Category: Engaging citizens

ACSA Seed Grant Winners

Congratulations to the recipients of ACSA’s Seed Grants for 2019! The Seed Grants were designed as a way of giving back and investing in our members, with two $1,000 grants available to ACSA members to seed their professional or project’s growth in line with ACSA’s strategic goals of Participation and Practice.

And the winners are:

  • Dr Erinn Fagan-Jeffries – Pupils for Parasitoid Wasps: The ‘Pupils for Parasitoid Wasps’ project involves school children running insect traps to collect parasitic wasps in their local environment, and being involved in naming and describing newly discovered species.

  • Jodie Valpied – Bachhus Marsh Platypus Alliance: The Seed Grant will help provide the necessary resources to the new Bacchus Marsh Platypus Alliance community group to begin a citizen science project on platypus habitat health, and to facilitate community engagement in this project.

Congratulations to Erinn, Jodie and your teams on winning this Grant, and we look forward to hearing how your projects progress.

Tell us more – updating your ACSA member profile

Two of the key findings from the Member Survey we conducted last year are:

  • people are seeking a community through ACSA, and
  • members are most interested in exchanging knowledge & experiences, and building a professional network.

To help facilitate these wishes, we’ve expanded the ‘My ACSA Profile’ section on our website and invite you to enter additional information about yourself and your citizen science experience / engagement. We hope that this will help foster that sense of community and enable you to learn more about other members interests and skill sets, which may help achieve that goal of building a professional network. This information will only visible to other ACSA members who are logged in to the membership portal. 

We are also working on a search function, which we hope, in time, will allow you to search for ACSA members who are based in Western Australia and who are interested in human health, for example. This sort of capability will be fantastic in terms of allowing you to connect with others in your field, or in terms of finding the right person to answer a question you may have.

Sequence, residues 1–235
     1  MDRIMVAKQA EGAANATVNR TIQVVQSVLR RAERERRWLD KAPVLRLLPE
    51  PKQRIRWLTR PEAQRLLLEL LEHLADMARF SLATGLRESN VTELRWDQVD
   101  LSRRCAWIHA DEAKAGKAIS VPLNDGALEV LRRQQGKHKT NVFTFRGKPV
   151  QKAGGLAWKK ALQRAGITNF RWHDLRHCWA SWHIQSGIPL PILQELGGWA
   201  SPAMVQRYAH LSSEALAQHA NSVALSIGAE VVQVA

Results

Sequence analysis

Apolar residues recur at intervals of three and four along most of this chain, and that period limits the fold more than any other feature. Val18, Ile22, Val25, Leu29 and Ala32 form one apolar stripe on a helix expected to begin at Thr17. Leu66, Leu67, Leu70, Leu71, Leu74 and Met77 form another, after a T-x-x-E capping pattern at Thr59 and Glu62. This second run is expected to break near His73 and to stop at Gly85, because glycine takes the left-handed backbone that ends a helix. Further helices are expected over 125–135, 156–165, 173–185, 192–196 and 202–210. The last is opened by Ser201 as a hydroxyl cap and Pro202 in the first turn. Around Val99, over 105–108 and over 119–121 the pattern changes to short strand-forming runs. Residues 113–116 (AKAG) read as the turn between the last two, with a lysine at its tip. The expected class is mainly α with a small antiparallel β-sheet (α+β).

We invite you to update your ACSA member profile now. Click on the link below, select My member profile > Profile > Edit.

 

Engaging and Retaining those elusive volunteers…

By Jodi Salmond, Reef Check Australia

Volunteer engagement and retention have long been an issue for the not for profit sector.  Organisations reliant on unpaid workers have substantial investments in time, training, and financial input, as well as an ongoing mentoring/upskilling programs to ensure volunteers feel both valued and supported, in addition to having the right skills to conduct the tasks required of them.  Despite this, some volunteers still cancel last minute, or cease to show up at all- leaving organisers stretched, frustrated, and unable to meet funding milestones.

We all invest a lot in all our volunteers.  I believe that overall, we are great at supporting them; we train them, we guide them, we answer their questions, we thank them for, validate their efforts and make sure everyone feels comfortable in their sparkly new roles.  And yet the turnover rate is still high.  Personally (and professionally) I continue to be interested in how we can all find and recruit dedicated, accountable, reliable volunteers for the long game.

Following my successful application for an ACSA Seed Grant, I chose to look at several different life coaching programs and books to help me gain a better understanding as to how I might better manage my own thoughts, feelings and expectations around volunteerism, how to create accountability to ourselves and each other, how to ensure less burnout in an industry that is known for it, and how to create engaged, energised long term volunteers.